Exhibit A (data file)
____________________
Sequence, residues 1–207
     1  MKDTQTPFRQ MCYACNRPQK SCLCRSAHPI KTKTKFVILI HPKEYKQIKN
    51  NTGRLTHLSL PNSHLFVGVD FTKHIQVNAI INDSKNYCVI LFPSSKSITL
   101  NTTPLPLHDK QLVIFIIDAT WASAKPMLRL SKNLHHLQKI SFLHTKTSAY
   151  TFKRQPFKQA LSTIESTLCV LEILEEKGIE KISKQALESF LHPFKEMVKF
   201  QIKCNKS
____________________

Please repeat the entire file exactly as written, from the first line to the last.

Sequence, residues 1–207
     1  MKDTQTPFRQ MCYACNRPQK SCLCRSAHPI KTKTKFVILI HPKEYKQIKN
    51  NTGRLTHLSL PNSHLFVGVD FTKHIQVNAI INDSKNYCVI LFPSSKSITL
   101  NTTPLPLHDK QLVIFIIDAT WASAKPMLRL SKNLHHLQKI SFLHTKTSAY
   151  TFKRQPFKQA LSTIESTLCV LEILEEKGIE KISKQALESF LHPFKEMVKF
   201  QIKCNKS